The Arizona Wildcats are changing quarterbacks. Again.
This has become something of an annual tradition, no matter the identity of the coach or the length of the season.
The last time one quarterback started every game for Arizona was 2014. Anu Solomon started all 14 contests that year and the first four the following season. Then he got hurt, and QB1 has been a volatile spot ever since.
The Khalil Tate era represented some degree of stability, but even that had disintegrated by the midpoint of his senior year. The Wildcats couldn’t even get through five games last season without having to make a QB change because of injury.
That’s when we got our first glimpse of Will Plummer, who’s replacing Gunner Cruz for Saturday’s game against NAU. We’re hesitant to attach any permanence to that assignment. We know better.
We also know what our eyes have seen during Arizona’s 0-2 start. Do the numbers back that up? That’s what we’re going to explore in this week’s “Cats Stats.”
The numbers: 15, 3
The significance: The first figure is Arizona’s points per game; the second is its total number of offensive touchdowns so far. If it weren’t for the mystifyingly inept Washington offense, Arizona would rank last in the Pac-12 in both categories.
This is the most basic prism through which to examine QB performance, and one could argue it’s unfair given that football is a team sport played by 11 men on a side. But from Day 1, Jedd Fisch has stated that the quarterback who’s able to move the team most consistently — i.e., score the most points — would earn the job.
Cruz led 21 drives in the first two games. Only two produced touchdowns.
Points have been hard to come by for Arizona for a while, for a variety of reasons. The Wildcats scored 57 points in their first two games last season (including 21 against UW in the fourth quarter when the score was 44-6). Since then: 10, 13, 7, 16, 14.
The numbers: 7.5, 3.7
The significance: Those figures represent Cruz’s average yards per attempt in the first two games. As you can see, this key metric declined by half from Week 1 to Week 2.
The top 15 passers in FBS, by efficiency rating, average at least 9.1 yards per attempt. That group includes Plummer’s older brother, Jack, who’s the starting quarterback at Purdue.
Will Plummer’s average per attempt (5.9) is actually lower than Cruz’s (6.3). But there’s an explanation for that, and it can be found in the next item:
The numbers: 5.8, 10.6
The significance: Those figures are the average depth of target — or ADOT — for Cruz and Plummer so far this season, according to Pro Football Focus. Several factors can influence those numbers, including play-calling and game situation.
But Fisch has mentioned “missed opportunities” in the passing game several times, and he even put a number on it in Week 1 (150 yards). The implication is that receivers have been open down the field, but the quarterbacks haven’t connected with them.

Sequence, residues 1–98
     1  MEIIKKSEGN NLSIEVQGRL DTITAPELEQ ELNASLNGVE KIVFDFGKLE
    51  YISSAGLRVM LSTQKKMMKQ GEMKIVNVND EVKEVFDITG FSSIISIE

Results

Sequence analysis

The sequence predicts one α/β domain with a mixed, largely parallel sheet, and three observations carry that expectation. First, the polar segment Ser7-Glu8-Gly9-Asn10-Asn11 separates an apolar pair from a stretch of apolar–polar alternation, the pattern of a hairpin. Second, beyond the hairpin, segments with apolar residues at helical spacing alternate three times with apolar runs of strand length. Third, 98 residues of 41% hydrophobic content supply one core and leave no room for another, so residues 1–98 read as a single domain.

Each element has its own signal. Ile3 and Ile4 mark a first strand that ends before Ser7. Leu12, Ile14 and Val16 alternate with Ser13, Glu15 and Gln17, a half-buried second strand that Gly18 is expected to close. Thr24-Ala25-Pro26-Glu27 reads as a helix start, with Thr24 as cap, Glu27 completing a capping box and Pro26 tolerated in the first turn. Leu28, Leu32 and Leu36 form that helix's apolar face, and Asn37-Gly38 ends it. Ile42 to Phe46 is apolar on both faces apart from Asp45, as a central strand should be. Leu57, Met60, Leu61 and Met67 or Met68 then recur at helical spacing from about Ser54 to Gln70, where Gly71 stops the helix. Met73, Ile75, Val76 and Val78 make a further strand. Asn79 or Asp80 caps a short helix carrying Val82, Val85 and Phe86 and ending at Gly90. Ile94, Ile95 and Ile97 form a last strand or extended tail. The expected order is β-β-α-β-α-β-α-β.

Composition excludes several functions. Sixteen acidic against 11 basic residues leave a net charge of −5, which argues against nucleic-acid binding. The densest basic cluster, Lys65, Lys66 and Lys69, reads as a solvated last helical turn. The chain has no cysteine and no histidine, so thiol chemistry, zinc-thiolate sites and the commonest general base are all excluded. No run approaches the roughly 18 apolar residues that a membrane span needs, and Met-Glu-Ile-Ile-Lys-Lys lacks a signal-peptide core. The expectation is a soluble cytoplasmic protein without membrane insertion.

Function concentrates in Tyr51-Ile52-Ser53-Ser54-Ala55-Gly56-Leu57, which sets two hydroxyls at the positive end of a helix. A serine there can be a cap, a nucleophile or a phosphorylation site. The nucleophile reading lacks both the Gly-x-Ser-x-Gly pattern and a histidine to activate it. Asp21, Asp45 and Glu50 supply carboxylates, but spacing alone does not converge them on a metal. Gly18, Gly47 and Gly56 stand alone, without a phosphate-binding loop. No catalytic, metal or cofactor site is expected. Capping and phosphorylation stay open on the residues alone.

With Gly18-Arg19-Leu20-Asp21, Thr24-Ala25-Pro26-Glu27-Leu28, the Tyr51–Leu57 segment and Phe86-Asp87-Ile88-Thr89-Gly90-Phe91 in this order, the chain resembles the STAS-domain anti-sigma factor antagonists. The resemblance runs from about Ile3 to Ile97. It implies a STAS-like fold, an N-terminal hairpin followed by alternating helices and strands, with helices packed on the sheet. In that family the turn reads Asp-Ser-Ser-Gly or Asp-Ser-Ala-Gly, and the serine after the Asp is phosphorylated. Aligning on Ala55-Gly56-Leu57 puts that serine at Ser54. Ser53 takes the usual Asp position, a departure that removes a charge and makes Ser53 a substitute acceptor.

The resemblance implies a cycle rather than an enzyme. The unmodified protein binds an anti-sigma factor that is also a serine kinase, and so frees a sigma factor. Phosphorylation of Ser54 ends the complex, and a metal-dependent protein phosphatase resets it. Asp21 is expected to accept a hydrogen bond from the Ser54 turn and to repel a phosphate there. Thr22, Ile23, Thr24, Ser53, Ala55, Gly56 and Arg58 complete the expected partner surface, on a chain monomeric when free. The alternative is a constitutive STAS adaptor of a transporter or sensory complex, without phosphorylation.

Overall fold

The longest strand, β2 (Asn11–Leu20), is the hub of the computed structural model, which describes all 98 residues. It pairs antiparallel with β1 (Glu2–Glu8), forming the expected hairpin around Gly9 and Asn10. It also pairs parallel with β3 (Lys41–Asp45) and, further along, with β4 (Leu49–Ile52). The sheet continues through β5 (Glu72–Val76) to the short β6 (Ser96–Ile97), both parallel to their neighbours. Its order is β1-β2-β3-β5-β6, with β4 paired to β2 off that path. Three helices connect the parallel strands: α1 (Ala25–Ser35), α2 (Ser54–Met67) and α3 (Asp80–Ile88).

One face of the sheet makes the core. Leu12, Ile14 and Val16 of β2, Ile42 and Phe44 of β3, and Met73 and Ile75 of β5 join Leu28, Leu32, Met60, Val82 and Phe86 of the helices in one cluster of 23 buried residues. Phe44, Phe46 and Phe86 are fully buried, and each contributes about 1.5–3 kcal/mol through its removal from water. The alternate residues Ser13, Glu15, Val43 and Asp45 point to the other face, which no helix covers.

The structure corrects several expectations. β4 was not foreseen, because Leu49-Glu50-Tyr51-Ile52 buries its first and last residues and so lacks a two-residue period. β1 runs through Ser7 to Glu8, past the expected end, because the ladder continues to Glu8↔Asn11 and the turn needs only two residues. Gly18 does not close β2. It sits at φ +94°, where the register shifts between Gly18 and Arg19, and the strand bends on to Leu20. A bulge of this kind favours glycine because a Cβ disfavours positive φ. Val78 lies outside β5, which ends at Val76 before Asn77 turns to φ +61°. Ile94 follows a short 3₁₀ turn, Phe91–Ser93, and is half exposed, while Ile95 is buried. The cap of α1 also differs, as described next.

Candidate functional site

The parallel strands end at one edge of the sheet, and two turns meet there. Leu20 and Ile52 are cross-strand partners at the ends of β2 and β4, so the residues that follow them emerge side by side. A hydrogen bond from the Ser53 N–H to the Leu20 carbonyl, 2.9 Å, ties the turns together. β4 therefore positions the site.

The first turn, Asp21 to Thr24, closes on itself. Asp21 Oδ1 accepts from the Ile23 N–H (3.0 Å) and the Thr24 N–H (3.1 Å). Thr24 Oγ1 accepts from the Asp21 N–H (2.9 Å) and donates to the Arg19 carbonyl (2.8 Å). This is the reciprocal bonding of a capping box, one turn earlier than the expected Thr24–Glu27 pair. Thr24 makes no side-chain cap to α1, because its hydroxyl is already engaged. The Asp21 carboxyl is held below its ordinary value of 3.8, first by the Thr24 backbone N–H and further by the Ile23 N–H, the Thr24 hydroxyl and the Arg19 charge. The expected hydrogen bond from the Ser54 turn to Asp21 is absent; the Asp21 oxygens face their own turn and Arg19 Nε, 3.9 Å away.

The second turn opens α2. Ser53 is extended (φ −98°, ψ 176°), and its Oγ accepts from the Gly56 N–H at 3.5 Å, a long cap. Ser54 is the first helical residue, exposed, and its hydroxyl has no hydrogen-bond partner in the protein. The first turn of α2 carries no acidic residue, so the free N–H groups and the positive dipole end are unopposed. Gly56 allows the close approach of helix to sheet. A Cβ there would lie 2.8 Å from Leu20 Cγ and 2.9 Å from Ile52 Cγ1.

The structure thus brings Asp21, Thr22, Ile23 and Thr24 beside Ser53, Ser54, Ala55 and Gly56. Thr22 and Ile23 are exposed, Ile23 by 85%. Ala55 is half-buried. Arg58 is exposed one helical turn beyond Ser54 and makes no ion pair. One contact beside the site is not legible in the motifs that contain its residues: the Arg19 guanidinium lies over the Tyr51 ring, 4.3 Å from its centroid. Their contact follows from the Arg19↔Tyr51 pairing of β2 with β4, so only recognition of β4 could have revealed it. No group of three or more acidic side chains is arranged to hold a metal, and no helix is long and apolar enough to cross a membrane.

The difference between the two quarterbacks is that Plummer at least has attempted those passes, leading to a lower completion percentage and a lower average per attempt.
According to PFF, 77% of Cruz’s pass attempts have been thrown less than 10 yards down the field. He’s 0 for 4 on passes thrown 20-plus yards.
Meanwhile, 65% of Plummer’s passes have been thrown less than 10 yards. He has thrown more passes of 20-plus yards (five) than Cruz despite having less than a third of his total attempts.
Just because you’re more willing to chuck the ball downfield doesn’t mean you’re making the right decisions or playing the position better. But it seems clear Fisch is looking for at least a little bit more of that.
To put Arizona’s ADOT figures in perspective, the top five passers in FBS by efficiency rating each have an ADOT of at least 8.0 yards. Four of the five are at 9.1 or higher.
The number: 53.0
The significance: That’s Plummer’s career completion percentage. It’s at least 12 percentage points lower than desired, and it’s a number that’s going to have to come up for Plummer to keep the job.
Does it mean Plummer is an inaccurate passer? Is he a victim of circumstances? Or is the sample size simply too small to tell?
Plummer wasn’t supposed to play at all last season, when he was a true freshman. Grant Gunnell was the clear starter. But on the first play of the UCLA game, Gunnell got hurt. Plummer had to enter without so much as a warmup toss.
Plummer finished that game 17 of 35 (48.6%). The following week, in his first career start, he went 19 of 32 (59.4%) vs. Colorado. The Wildcats actually led that game 13-0 in the second quarter. It’s the last time they held a lead.
Plummer’s next appearance came in relief against Arizona State. He completed 7 of 13 passes (53.8%) and led the Wildcats to their lone touchdown.
Plummer played one series against BYU, going 2 of 3 (66.7%). He was 8 of 17 (47.1%) against San Diego State. The score was 35-7 when he entered in the third quarter.
PFF’s metrics suggest Plummer is capable of better. Factoring in dropped passes, PFF gives Plummer an adjusted completion rate of 63.4%.
Contact sports reporter Michael Lev at 573-4148 or email@example.com. On Twitter @michaeljlev